Wednesday, July 23, 2003

Trust/Reputation in Search

I've been wondering whether reputation can be conveyed in any other way in search algorithms than Google's PageLink algorithm (which seems to me to be a measure of popularity - albeit in a network sense - rather than of reputation). I was reading an article in the ASIST Journal called "When Documents Deceive" by Clifford A. Lynch on the bus home, and came across the phrase:

"The question of formalizing and recording expectations...[of] trust in behavior [is] very poorly explored. There are a number of avanues: certification or rating services that might be consulted, or webs of individuals vouching for behaviour of others"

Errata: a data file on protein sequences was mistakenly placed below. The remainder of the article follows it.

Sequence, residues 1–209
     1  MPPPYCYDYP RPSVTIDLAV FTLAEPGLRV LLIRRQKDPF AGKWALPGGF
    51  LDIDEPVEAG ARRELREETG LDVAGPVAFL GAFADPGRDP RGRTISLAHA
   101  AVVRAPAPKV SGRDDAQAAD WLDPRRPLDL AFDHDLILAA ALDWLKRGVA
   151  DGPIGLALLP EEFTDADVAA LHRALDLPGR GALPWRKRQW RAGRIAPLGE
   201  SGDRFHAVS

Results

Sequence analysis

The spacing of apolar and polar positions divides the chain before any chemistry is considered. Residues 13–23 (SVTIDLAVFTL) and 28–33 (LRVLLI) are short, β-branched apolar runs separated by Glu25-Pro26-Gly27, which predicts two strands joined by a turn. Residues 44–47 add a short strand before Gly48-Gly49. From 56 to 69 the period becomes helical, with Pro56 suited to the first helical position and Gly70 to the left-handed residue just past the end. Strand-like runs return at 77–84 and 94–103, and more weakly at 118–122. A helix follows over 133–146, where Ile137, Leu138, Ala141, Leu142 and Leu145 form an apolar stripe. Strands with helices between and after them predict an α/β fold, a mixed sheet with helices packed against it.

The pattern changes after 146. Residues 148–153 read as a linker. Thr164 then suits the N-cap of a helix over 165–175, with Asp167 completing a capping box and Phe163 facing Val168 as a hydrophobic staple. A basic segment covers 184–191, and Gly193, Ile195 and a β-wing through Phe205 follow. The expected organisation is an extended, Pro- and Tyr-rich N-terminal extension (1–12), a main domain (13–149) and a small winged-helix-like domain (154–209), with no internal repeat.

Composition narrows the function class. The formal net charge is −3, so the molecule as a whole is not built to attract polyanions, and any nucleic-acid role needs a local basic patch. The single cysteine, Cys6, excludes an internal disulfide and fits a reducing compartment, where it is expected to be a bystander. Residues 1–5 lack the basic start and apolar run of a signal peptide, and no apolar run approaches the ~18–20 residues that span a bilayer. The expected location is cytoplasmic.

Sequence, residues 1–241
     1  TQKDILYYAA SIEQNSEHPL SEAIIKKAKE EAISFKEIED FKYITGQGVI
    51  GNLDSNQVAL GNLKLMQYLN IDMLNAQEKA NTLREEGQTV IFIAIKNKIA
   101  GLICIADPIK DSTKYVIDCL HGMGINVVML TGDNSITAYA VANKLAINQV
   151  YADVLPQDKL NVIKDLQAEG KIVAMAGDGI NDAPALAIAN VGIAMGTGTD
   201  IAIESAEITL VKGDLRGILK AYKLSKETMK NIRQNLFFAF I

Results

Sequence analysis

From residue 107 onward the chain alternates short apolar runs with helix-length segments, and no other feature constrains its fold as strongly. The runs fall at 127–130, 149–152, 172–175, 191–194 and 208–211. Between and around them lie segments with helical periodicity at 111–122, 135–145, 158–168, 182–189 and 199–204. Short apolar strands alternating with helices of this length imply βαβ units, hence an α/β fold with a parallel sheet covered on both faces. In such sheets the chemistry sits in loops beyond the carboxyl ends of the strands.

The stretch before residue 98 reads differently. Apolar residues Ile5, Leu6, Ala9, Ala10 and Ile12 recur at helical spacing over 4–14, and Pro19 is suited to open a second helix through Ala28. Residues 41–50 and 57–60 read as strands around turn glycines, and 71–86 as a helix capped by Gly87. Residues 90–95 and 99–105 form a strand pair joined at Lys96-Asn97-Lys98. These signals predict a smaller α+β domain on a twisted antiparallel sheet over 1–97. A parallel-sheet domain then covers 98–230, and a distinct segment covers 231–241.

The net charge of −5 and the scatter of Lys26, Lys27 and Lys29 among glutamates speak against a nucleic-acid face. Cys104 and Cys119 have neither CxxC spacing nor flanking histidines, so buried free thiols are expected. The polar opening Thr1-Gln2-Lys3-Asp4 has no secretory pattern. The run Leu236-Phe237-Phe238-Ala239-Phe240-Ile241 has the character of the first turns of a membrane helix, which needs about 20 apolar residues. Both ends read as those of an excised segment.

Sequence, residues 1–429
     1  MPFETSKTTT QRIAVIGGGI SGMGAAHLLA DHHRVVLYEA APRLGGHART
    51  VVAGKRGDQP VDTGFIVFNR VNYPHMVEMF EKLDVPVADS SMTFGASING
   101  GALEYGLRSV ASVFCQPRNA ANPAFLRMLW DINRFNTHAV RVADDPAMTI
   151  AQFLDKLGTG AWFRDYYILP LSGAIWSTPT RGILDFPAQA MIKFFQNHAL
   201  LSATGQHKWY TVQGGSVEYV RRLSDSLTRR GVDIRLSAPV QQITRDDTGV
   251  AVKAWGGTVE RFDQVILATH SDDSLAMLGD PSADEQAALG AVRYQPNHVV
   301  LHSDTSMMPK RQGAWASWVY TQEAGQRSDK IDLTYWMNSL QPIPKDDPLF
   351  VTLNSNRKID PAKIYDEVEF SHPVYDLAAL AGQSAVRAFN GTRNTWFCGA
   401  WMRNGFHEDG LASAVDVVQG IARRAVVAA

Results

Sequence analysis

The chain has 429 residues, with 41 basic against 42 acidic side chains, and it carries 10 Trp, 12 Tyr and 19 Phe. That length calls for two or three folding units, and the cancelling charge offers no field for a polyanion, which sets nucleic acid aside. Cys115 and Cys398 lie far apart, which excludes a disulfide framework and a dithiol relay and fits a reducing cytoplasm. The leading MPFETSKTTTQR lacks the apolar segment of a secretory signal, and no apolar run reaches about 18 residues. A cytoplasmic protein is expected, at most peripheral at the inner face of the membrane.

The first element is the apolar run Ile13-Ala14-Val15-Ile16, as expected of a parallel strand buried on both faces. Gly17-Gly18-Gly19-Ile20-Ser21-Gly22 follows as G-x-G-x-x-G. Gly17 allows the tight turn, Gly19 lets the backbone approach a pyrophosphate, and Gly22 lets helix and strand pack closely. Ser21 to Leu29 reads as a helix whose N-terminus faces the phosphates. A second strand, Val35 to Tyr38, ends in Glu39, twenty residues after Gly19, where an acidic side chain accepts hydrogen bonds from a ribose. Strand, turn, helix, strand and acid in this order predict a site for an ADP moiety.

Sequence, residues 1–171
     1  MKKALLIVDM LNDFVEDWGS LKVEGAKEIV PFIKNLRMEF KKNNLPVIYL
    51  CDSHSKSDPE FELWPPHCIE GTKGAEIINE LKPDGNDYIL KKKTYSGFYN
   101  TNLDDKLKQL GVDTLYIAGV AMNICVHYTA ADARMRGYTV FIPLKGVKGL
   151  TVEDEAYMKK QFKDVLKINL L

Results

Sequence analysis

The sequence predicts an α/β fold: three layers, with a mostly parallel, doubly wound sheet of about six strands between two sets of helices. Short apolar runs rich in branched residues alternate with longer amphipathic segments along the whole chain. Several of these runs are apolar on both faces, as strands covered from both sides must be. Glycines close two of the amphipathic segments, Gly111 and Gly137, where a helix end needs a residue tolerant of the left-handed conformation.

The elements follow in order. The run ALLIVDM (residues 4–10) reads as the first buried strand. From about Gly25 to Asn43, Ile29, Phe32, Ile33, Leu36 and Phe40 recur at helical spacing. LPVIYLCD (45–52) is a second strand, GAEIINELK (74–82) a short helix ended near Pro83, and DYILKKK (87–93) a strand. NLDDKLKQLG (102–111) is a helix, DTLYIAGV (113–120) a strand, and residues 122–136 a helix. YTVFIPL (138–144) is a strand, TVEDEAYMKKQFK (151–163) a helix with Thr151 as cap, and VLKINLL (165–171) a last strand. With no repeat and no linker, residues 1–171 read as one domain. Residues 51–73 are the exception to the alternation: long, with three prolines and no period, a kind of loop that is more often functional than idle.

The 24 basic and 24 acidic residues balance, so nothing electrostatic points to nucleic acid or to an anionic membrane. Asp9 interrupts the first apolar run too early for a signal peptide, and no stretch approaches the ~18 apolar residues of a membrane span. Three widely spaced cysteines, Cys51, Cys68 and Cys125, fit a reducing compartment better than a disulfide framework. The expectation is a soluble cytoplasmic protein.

I'd been pondering whether it might be possible (particularly in an intranet) to modify a search engine so that when a user rates a page, he or she can also see in his/her search results how people like him/herself have rated the pages and/or how people he or she trusts rated the pages. This might seem a bit daft, but I was wondering whether, a bit like FOAF, a search engine could have a "who do you trust?" section, where you log-in, and then identify other people on a database whose opinion you trust. Search results might gain extra weighting within the overall results based on their "reputation" rating 9where the results would be specific to your trust network). I suppose the problem is placing the burden on users of registering and keeping their "trust networks" up to date, and the fact that it would become a very large database, but that detail could be ironed out by brains greater than my own.

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